• anemia or other blood problems--fever, chills, sore throat, mouth sores, bleeding gums, nosebleeds, pale skin, easy bruising, unusual tiredness, feeling light-headed or short of breath; or
  • low levels of sodium in the body--headache, confusion, severe weakness, feeling unsteady, increased seizures.

Common side effects may include:

  • dizziness, loss of coordination, problems with walking;
  • nausea, vomiting; or
  • drowsiness.

This is not a complete list of side effects and others may occur. Call your doctor for medical advice about side effects. You may report side effects to FDA at 1-800-FDA-1088.

Read the entire detailed patient monograph for Carbatrol (Carbamazepine Extended-Release)

SLIDESHOW

Epilepsy: Symptoms, Causes and Treatment See Slideshow
Carbatrol Professional Information

SIDE EFFECTS

General

If adverse reactions are of such severity that the drug must be discontinued, the physician must be aware that abrupt discontinuation of any anticonvulsant drug in a responsive patient with epilepsy may lead to seizures or even status epilepticus with its life-threatening hazards.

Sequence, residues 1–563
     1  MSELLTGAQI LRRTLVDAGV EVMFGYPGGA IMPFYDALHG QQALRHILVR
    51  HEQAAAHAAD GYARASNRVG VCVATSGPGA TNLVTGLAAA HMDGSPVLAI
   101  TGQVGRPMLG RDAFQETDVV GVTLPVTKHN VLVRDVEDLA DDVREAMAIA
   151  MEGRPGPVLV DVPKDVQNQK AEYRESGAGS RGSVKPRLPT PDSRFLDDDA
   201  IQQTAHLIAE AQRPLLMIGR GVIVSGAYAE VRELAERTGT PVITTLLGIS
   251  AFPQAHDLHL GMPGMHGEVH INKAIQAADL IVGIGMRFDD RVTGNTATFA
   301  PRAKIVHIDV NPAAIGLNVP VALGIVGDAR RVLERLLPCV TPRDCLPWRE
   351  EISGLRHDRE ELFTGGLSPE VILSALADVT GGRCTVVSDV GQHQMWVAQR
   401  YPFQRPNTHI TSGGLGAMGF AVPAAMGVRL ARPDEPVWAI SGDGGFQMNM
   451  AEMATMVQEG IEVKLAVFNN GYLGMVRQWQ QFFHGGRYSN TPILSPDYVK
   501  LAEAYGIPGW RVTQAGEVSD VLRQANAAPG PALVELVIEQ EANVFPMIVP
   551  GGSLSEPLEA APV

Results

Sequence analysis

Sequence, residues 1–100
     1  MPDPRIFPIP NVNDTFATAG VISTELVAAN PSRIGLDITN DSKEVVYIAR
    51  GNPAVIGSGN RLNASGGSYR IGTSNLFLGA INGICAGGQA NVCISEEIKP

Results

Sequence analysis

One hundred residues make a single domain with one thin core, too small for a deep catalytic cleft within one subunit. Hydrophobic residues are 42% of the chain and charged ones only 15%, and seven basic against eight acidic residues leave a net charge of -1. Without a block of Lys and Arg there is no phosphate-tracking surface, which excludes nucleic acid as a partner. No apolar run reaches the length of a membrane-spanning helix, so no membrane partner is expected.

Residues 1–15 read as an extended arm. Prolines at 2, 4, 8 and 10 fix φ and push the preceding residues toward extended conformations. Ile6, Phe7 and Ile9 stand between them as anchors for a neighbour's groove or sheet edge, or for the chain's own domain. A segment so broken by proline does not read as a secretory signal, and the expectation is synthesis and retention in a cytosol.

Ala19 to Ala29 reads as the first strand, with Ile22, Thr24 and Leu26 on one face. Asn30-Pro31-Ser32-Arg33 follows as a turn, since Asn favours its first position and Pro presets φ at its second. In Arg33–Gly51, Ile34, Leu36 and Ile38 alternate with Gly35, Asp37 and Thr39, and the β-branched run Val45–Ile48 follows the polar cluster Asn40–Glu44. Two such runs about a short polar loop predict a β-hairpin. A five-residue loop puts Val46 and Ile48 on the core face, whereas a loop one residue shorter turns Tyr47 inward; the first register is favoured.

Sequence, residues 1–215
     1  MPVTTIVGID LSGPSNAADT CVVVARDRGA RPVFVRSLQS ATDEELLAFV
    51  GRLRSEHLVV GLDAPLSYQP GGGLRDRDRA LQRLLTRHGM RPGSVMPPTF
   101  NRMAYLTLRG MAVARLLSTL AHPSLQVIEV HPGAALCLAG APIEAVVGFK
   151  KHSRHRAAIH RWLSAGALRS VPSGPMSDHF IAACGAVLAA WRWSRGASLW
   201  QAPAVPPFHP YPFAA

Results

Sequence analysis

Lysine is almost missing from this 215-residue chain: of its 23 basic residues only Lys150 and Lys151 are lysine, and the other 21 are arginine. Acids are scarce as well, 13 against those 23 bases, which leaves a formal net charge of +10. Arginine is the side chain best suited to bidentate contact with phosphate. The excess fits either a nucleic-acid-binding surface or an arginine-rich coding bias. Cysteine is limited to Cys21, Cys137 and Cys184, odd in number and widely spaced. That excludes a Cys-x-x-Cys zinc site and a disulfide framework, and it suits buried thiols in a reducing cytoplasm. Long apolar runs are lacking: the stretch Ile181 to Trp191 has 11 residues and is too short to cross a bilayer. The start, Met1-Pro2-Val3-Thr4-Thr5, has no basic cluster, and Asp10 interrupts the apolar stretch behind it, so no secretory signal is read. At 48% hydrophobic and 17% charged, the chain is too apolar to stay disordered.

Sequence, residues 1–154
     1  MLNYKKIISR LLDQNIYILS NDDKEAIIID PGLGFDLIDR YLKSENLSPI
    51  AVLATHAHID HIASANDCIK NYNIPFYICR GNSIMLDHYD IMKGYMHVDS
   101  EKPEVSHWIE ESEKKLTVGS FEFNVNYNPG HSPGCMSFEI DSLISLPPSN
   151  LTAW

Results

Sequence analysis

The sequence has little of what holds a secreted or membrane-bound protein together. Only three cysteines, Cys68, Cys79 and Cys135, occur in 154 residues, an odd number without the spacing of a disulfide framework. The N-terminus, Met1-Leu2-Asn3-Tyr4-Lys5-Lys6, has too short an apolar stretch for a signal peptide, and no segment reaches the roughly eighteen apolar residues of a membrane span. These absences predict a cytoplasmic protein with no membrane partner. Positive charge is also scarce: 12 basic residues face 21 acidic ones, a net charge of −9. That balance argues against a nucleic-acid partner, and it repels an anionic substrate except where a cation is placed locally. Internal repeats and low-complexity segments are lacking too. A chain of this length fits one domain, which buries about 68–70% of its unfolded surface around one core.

The most severe adverse reactions previously observed with carbamazepine were reported in the hemopoietic system (see BOX WARNING), the skin, and the cardiovascular system.

The most frequently observed adverse reactions, particularly during the initial phases of therapy, are dizziness, drowsiness, unsteadiness, nausea, and vomiting. To minimize the possibility of such reactions, therapy should be initiated at the lowest dosage recommended.

The following additional adverse reactions were previously reported with carbamazepine:

Hemopoietic System

Aplastic anemia, agranulocytosis, pancytopenia, bone marrow depression, thrombocytopenia, leukopenia, leukocytosis, eosinophilia, acute intermittent porphyria.

Skin